THE famous comic book character, Archie, who was introduced to the juvenile market in 1941 along with his fictional friends Jughead and Veronica at Riverdale High in a fictitious small American town, is now the focus of a worldwide media blitz. Here is one of those manufactured controversies in which news outlets react en masse to clever marketing. Archie is killed off as a character in the latest issue of Life with Archie in the course of defending his friend, Kevin, a homosexual character who was introduced in 2010. Kevin Keller is a senator who supports gun control. During the course of an attempted assassination, Archie intervenes and is killed by the assassin’s bullet instead.
Thus, the controversy. Singapore has banned the comic because of its depiction of Kevin’s “marriage” to another man. And many have condemned the homosexual themes. None of this condemnation could possibly be unexpected or unwanted by Archie Comic Publications, Inc., which is one of a matrix of media companies, including the publisher Random House, now invested in the Archie stories as depicted in comic books, movies and digital media.
However, an important facet of this story has been generally overlooked. A living Archie is not so important anymore. A dead Archie is even better. Most of the characters of the comic book have now been transferred from life to the realm of horror in a new series, Afterlife with Archie.
Afterlife with Archie depicts a zombie apocalypse which begins in Riverdale. The comic is Archie Comics’ first title to be rated ‘teens and up,’ which means it has a potentially much larger audience.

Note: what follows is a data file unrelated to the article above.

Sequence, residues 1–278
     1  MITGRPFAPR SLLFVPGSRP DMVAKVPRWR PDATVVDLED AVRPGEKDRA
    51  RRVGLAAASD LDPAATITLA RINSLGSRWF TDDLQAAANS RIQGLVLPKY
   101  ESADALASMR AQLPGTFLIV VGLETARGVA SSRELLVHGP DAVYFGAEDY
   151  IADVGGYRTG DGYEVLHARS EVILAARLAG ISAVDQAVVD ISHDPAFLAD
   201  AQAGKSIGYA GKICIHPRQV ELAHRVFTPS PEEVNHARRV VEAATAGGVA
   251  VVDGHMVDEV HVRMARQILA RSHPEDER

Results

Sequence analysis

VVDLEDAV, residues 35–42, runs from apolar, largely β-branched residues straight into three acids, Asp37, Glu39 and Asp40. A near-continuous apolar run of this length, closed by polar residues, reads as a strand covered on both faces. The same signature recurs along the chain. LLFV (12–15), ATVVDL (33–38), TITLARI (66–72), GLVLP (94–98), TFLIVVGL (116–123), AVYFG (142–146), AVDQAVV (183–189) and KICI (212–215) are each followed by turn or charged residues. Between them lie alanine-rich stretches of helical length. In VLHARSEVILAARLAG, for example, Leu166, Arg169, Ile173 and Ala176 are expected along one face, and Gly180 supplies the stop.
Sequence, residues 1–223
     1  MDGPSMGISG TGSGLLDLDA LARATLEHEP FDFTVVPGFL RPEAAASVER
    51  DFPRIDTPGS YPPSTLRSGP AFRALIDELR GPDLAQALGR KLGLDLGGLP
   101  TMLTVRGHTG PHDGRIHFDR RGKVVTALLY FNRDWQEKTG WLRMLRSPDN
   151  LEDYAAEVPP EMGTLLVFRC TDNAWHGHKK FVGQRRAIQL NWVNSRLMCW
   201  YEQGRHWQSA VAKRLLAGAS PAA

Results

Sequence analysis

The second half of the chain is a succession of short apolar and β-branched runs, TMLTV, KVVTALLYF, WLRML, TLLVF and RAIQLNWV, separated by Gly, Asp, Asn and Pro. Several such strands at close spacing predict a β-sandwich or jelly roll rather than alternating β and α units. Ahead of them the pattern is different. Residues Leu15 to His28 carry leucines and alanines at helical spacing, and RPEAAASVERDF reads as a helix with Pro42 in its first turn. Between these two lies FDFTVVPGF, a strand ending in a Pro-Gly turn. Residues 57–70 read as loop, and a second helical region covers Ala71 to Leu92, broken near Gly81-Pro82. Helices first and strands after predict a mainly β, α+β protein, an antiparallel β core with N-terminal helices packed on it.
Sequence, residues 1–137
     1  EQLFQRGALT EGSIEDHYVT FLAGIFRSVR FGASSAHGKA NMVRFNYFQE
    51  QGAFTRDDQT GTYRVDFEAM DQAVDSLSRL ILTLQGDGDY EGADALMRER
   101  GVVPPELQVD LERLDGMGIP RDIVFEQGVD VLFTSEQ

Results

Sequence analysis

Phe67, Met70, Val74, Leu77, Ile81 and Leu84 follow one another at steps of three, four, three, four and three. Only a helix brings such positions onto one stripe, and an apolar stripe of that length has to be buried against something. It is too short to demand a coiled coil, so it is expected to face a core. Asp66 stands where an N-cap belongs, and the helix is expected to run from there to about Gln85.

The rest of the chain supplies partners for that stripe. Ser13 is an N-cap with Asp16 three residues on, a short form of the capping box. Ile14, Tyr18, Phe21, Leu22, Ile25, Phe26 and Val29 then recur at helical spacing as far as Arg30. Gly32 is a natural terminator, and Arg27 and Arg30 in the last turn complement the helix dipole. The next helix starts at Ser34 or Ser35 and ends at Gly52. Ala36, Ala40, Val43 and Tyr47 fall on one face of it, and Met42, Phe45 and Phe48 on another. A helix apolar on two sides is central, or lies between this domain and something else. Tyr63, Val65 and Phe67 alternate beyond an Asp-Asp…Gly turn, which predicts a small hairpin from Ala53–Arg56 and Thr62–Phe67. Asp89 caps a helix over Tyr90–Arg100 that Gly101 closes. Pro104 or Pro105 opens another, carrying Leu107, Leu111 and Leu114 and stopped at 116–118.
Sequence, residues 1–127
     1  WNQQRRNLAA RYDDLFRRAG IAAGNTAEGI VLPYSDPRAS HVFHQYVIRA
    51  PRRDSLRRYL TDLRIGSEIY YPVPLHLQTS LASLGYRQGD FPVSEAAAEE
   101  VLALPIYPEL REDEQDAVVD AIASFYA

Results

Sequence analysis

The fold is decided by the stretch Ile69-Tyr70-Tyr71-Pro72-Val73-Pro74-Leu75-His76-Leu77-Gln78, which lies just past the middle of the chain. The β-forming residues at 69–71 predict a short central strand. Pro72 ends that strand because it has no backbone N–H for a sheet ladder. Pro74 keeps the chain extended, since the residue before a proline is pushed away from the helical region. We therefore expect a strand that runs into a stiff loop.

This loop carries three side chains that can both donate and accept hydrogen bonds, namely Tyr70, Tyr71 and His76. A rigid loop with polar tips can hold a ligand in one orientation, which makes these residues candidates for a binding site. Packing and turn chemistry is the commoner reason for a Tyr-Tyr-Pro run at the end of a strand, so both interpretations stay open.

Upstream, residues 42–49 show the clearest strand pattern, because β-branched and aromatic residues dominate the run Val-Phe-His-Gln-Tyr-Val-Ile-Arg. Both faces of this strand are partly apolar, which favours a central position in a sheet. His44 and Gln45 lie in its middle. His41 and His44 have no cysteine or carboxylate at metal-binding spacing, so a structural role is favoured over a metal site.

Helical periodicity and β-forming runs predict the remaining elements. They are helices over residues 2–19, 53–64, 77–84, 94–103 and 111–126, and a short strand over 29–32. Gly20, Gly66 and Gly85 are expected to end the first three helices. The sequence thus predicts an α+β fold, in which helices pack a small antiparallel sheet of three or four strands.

Here is a synopsis from Wikipedia: “After a car driven by Reggie kills Hot Dog, Jughead asks Sabrina to bring his beloved pet back to life. She does, but with terrible consequences: Hot Dog becomes a zombie, and kills Jughead, who himself rises as a zombie and spreads the contagion.”
Archie Comics CEO Jon Goldwater has said that his father, the late John L. Goldwater, would have been “shocked by Afterlife (…) but shocked in a great way”.
That is probably true. The first four issues of Afterlife with Archie, introduced in 2013, sold out.
Archie Comics represents a now-familiar cultural trajectory, described so perceptively by the writer E. Michael Jones in his book Libido Dominandi. First comes fairly wholesome mass popular culture, with its homogenizing effects. Then comes sexualized mass entertainment, with profit as the single greatest motive for transgressing former taboos. Then, as much of society is suffering the personal chaos, disorientation and alienation caused by the Sexual Revolution, horror becomes a major preoccupation of mass entertainment, its purveyors reacting with prompt sensitivity to the appetites of this disoriented public. Horror confirms the inchoate awareness and knowledge of chaos and social apocalypse. Archie was destined to die defending sexual transgression and to become a superhero in a world of zombies.